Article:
What Went Wrong?

Policy Matters.  Those corporate friendly policies of the Bush Administration which tended toward de-regulation, capital flight, and “creative” products to enhance investment revenues collapsed in a staggering heap circa 2007 and 2008.  We went from “Greed Is Good,” back to “Greed Is One Of The Seven Deadly Sins.”

Item – The vaunted and well publicized Supply Side Theory of economics proved illusory, in all probability because it was a hoax in the first place.  It may take the American public some time to understand the facts, but as of 2008 they were inescapable — low taxation did not, and never had, create economic growth in the real economy. No amount of spinning, theorizing, generalizing, or rationalizing can make this ideological theory whole again. Yet the Romney campaign persisted, enabled by the plutocrats on the Rove donor lists, the Club for Growth, the US Chamber of Commerce, and the bankers.

Item – The Republicans themselves, at least in the form of former House Speaker New Gingrich, recognized that they had a Financialist candidate in a race wherein the electorate was still reeling from the effects of financialist excesses.   American voters rejected the Supply Siders, in favor of a candidate whose economic policies emphasize growth not European style austerity, which seems to have done precious little for the Eurozone economic growth rate.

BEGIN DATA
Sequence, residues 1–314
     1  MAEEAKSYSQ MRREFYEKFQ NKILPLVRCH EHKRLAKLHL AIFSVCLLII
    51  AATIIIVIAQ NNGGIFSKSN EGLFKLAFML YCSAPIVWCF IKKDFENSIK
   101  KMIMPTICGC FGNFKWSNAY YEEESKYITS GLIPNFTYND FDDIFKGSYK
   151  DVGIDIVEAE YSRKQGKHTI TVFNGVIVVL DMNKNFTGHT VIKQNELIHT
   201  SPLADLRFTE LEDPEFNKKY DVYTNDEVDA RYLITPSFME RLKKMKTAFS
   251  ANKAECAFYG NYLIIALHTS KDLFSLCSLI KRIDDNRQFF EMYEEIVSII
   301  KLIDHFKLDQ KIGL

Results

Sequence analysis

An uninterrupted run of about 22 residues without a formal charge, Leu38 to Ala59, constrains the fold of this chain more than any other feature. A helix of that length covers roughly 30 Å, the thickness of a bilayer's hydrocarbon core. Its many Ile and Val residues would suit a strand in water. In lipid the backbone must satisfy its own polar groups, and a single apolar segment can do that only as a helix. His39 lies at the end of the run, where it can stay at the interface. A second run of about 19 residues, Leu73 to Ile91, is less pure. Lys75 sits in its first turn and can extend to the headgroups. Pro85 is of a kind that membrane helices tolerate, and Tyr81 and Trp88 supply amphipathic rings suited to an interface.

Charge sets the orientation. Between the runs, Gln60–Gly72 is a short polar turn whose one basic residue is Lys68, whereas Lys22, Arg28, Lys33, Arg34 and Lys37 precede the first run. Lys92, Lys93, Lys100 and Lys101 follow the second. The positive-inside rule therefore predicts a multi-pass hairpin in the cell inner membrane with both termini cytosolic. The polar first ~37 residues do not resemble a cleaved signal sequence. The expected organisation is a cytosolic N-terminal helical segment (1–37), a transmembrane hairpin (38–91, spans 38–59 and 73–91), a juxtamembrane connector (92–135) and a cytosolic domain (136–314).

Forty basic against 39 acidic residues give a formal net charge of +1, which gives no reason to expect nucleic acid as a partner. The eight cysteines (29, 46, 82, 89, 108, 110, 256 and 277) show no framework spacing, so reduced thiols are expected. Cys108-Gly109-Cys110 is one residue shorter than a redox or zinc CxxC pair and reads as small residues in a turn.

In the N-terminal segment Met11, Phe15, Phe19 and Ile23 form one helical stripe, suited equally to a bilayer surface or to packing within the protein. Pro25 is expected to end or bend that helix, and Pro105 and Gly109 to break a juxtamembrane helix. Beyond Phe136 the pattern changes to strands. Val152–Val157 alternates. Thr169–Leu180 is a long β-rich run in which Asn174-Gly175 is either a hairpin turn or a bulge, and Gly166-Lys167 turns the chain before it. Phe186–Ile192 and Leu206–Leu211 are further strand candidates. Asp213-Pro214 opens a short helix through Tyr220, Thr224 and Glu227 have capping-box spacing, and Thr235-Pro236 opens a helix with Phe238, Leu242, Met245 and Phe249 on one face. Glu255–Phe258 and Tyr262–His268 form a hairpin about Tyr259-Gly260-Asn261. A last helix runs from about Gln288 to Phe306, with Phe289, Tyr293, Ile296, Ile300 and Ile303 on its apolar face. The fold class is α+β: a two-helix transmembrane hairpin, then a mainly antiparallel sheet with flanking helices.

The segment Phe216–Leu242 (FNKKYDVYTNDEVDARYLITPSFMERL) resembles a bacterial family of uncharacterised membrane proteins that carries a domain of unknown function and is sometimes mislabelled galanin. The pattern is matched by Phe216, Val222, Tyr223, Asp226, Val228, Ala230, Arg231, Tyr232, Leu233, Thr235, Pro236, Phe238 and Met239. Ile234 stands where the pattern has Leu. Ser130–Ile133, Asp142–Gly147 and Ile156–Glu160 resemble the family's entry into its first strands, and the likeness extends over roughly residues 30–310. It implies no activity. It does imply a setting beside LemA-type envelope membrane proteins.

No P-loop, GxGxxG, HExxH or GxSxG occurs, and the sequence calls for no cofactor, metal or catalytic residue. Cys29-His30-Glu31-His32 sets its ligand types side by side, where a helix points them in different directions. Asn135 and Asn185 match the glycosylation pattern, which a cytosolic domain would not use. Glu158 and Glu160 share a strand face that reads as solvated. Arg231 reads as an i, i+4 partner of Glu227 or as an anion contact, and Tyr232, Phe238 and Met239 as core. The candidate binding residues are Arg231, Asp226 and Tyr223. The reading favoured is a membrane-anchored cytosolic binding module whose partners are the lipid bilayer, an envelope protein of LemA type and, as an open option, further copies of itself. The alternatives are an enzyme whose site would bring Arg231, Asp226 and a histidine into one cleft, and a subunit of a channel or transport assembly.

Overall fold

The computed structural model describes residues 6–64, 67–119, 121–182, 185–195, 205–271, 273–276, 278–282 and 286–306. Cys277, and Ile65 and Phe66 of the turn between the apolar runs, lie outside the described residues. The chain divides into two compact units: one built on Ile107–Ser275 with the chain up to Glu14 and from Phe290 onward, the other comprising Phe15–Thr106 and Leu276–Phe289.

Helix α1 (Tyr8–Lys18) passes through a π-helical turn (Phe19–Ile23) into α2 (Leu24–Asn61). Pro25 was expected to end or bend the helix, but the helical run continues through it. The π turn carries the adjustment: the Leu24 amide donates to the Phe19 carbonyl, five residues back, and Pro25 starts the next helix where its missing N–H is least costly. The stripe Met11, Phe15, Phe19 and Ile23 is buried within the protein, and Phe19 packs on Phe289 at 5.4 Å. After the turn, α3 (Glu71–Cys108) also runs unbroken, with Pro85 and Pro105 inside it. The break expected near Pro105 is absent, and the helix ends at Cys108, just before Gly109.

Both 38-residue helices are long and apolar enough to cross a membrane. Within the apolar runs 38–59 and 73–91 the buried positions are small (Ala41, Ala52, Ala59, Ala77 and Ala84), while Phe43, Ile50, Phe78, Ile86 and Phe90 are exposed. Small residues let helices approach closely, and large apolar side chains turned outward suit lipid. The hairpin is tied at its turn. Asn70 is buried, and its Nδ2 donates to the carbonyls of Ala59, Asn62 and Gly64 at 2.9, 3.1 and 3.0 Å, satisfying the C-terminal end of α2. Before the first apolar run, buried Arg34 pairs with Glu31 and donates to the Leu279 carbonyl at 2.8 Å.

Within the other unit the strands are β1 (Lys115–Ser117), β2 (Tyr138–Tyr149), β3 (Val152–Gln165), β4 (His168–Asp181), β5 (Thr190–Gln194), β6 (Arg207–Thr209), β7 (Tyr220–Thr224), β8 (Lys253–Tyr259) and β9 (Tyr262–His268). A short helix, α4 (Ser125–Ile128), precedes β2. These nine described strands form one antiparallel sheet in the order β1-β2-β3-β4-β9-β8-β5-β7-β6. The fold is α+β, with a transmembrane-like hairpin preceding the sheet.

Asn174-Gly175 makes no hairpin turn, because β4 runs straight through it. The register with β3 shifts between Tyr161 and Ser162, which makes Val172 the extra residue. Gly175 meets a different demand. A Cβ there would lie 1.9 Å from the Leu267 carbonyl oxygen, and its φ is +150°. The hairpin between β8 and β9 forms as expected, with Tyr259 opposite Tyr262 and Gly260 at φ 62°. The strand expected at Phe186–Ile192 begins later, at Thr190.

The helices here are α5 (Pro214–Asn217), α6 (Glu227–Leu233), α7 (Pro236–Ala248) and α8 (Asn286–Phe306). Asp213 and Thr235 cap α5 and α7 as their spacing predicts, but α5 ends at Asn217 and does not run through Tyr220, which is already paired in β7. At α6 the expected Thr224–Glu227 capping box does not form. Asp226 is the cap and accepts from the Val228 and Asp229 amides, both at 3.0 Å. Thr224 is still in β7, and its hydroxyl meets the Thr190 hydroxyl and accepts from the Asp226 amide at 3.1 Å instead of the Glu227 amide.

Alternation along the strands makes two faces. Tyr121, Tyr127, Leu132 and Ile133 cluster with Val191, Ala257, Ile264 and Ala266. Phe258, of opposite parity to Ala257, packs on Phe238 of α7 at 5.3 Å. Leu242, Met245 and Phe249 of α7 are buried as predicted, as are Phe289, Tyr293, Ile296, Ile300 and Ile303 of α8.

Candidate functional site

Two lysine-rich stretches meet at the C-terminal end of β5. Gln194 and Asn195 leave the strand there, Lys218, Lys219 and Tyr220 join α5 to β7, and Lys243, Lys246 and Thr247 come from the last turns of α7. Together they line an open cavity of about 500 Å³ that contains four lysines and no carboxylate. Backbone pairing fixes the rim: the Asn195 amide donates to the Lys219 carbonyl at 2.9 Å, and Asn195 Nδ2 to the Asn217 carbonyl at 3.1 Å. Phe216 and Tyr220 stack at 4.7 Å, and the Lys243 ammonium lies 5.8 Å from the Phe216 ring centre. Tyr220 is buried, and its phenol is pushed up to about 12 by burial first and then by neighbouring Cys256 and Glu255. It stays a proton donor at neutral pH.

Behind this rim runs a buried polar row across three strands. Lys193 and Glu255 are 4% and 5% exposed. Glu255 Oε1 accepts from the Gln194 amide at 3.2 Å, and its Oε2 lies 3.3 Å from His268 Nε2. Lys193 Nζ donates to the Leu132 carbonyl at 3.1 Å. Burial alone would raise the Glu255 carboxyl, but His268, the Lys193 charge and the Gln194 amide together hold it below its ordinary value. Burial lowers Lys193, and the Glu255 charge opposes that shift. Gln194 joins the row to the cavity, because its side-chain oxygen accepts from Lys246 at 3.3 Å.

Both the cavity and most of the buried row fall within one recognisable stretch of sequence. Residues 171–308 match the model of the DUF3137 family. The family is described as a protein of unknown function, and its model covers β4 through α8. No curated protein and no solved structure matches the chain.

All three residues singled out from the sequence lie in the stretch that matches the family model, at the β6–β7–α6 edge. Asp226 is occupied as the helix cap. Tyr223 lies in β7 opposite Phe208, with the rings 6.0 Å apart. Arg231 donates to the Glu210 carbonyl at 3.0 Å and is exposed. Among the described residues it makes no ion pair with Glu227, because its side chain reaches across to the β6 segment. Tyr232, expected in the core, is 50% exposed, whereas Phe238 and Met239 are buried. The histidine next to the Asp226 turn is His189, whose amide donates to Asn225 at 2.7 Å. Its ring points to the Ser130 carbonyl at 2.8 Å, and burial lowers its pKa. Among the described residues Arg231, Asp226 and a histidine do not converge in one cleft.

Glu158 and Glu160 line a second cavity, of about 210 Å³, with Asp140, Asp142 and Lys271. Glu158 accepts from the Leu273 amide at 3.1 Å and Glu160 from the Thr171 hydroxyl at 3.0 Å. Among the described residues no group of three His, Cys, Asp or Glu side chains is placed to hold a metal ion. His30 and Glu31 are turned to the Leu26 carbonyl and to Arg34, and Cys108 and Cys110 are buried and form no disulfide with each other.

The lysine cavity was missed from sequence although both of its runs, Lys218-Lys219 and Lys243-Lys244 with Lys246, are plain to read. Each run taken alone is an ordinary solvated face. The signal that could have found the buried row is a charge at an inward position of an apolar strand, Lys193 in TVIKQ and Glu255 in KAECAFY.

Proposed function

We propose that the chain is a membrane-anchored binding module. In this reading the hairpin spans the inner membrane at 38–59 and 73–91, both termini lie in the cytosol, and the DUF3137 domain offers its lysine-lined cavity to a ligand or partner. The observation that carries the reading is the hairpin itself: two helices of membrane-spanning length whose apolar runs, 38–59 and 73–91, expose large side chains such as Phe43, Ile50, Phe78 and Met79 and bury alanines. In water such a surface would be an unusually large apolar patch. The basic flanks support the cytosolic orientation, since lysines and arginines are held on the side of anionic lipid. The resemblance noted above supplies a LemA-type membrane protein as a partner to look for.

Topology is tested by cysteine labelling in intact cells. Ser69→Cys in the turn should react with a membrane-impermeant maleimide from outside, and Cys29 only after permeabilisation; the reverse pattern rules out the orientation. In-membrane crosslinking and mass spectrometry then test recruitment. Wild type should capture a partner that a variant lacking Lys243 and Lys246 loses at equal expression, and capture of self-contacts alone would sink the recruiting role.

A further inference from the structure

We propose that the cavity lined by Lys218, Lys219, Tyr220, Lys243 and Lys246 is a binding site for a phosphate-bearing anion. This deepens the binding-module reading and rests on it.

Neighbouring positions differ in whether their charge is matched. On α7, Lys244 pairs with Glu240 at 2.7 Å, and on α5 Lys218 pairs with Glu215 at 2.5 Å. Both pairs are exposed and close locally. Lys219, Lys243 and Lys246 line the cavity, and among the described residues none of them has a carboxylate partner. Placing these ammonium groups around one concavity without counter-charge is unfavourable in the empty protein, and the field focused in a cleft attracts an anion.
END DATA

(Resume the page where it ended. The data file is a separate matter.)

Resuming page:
Item – the conservative complaints about immigrants being a curse upon the civil state were strident enough to cause Hispanic voters to express their opinions in the polling that mattered.  Opposition to the DREAM Act, calls for self-deportation, “papers please” legislation,” and charges that the Hispanic community was basically “unAmerican,” didn’t help expand the numbers for the Republican Party.

Item – That “rape thing” in combination with wholesale assaults on the Affordable Care Act, attached to radio ranting about “sluts” who take birth control pills, and associated with the most extreme anti-abortion rhetoric wasn’t good for Republicans either.  Only 15% to 20% of Americans believe that abortion should be illegal in all instances. [PR]  Proposing to adopt policies supported by 20% of the population doesn’t seem to be a constructive way to attract votes from the 46.2% of American women who are registered to vote. [Census]

Leadership